0411-graduates-clip-artEstate planning is not the first thought most parents have when their child is accepted to college. But it should be addressed before your child goes off to school. Once your child turns 18, they are no longer a minor.  Legally, they are an adult. Because the child is no longer a minor, parents do not have the automatic legal authority to simply take over their child’s financial affairs – or even get information about health care issues.

Several years ago, a friend of mine called me, furious and upset. Her son, who had just turned 18 years old, had gone off for his freshman year at an out-of-state college. That morning she had received a text message from him, saying he felt awful, and was going to the infirmary on campus. He said he would be in touch to let her know what was going on.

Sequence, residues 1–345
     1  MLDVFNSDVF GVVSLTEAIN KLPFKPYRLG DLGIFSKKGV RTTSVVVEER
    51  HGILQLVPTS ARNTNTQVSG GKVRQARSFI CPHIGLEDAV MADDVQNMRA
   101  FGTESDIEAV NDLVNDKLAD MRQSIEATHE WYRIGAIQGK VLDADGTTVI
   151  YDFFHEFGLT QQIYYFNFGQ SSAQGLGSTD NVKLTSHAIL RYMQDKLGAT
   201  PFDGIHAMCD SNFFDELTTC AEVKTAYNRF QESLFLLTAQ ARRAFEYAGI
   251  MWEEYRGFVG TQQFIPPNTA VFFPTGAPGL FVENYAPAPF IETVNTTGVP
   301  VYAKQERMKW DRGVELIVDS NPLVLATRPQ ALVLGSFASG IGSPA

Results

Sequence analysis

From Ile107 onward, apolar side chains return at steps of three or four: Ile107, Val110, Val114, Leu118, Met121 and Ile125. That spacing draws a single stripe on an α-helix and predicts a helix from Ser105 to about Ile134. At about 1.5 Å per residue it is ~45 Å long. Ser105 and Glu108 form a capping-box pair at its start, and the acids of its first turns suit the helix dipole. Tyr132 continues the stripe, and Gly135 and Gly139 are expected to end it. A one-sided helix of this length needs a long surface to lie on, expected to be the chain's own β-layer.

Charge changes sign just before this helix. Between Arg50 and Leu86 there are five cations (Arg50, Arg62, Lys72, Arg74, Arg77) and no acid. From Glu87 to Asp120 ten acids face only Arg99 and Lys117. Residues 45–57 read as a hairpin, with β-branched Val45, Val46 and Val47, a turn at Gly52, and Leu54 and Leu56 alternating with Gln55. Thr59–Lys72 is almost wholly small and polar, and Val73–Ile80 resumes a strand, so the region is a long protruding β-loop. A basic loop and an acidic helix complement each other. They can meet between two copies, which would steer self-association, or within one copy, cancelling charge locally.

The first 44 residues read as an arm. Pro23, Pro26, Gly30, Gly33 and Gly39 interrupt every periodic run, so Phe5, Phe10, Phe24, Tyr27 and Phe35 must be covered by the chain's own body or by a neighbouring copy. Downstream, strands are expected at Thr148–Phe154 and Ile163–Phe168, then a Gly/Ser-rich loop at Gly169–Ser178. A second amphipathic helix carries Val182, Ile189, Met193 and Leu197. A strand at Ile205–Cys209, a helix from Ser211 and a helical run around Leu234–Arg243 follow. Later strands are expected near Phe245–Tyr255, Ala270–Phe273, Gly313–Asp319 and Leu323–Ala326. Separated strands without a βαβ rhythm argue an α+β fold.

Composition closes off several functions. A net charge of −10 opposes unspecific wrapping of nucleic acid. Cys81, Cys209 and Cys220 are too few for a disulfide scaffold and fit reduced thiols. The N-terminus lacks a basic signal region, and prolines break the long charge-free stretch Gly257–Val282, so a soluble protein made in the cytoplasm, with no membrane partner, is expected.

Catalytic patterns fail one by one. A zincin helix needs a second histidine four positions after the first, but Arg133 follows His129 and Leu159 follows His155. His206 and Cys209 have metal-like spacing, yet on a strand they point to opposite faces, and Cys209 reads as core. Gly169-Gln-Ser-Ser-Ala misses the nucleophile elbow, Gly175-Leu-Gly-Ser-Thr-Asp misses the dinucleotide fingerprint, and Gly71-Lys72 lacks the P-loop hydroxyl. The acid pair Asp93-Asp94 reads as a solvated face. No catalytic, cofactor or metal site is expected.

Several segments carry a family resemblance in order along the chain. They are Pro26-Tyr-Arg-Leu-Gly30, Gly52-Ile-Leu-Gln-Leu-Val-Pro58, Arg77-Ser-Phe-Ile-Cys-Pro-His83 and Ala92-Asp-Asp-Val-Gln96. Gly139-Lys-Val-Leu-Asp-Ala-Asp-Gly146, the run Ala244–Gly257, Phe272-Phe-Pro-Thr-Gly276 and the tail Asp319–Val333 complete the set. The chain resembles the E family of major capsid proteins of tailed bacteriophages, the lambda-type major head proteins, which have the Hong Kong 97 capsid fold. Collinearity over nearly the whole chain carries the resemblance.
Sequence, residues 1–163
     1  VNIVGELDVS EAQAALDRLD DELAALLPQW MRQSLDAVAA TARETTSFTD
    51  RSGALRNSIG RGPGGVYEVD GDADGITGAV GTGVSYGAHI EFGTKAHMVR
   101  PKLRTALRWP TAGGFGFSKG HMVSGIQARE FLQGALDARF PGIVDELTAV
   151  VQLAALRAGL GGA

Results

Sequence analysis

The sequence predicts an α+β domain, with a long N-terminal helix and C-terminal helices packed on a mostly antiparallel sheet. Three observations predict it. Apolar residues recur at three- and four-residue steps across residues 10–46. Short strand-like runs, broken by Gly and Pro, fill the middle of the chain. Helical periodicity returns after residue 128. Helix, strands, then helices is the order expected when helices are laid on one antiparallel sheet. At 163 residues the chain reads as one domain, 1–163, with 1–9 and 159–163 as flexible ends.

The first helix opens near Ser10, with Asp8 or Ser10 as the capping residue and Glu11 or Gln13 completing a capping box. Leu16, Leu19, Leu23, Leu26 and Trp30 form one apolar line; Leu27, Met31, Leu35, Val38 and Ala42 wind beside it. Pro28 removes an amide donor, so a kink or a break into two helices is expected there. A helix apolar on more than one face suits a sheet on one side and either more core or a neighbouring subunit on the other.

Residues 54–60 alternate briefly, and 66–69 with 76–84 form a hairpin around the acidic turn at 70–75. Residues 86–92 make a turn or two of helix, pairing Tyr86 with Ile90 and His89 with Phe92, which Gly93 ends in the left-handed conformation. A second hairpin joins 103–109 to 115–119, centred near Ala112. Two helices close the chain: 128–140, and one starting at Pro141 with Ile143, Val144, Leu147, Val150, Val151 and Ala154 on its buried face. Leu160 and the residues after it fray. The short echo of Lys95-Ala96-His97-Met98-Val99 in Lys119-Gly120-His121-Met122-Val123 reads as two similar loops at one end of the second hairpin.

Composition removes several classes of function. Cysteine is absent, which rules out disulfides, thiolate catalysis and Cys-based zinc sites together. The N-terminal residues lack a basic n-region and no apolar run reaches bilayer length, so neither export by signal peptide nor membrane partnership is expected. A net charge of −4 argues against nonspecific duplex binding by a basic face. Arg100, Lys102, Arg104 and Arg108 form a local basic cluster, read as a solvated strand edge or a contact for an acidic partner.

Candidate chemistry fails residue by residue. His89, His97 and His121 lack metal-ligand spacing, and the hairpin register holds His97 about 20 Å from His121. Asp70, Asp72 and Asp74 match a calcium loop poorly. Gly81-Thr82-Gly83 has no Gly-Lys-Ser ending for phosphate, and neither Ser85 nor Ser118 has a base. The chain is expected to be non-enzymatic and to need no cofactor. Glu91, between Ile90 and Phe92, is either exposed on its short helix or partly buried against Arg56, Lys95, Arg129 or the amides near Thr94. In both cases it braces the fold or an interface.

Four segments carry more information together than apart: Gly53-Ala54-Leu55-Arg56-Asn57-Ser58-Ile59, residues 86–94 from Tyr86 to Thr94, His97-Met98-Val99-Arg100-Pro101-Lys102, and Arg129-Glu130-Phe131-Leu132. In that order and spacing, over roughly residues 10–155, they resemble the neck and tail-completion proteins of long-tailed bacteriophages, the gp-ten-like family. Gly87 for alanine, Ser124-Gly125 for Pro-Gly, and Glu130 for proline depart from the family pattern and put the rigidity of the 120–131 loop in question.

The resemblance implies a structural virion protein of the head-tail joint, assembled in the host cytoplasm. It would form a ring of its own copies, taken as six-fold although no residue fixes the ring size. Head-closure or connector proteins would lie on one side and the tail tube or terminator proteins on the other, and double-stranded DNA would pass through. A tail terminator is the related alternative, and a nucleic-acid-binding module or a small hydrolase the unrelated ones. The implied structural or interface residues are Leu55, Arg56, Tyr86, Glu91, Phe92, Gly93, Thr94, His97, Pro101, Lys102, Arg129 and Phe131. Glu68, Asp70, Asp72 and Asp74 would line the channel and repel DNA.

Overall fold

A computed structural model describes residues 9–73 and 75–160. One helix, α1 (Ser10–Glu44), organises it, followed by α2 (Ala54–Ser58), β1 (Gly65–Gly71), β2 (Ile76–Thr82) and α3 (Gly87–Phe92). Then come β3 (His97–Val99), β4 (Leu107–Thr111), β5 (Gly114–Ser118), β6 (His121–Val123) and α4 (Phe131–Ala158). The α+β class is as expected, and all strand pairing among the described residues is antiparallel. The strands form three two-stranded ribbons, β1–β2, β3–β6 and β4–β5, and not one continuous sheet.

A couple of hours passed, and she heard nothing. She tried calling him, but he did not answer his cell phone. Now worried, she called the school infirmary to see what was going on.  She was stunned when the nurse would not confirm that her son was even in the infirmary. The nurse said that the law prohibited her from talking about her son’s medical condition, without written permission from her son. My friend tried the, “I pay the tuition” argument. It didn’t sway the nurse at all.

Finally, her son called and said he was fine – he had never actually gone to the infirmary because he felt better by the time he got there. So, he decided to go out to breakfast instead. Sorry for not calling her back, he just forgot.  When he came home for Thanksgiving, she brought him into the office and he signed a Health Care Proxy and Power of Attorney.

So, if you have a child who is turning 18, have them sign heath care documents and a financial Power of Attorney.

NBC News: Even Young Adults Should Start Estate Planning

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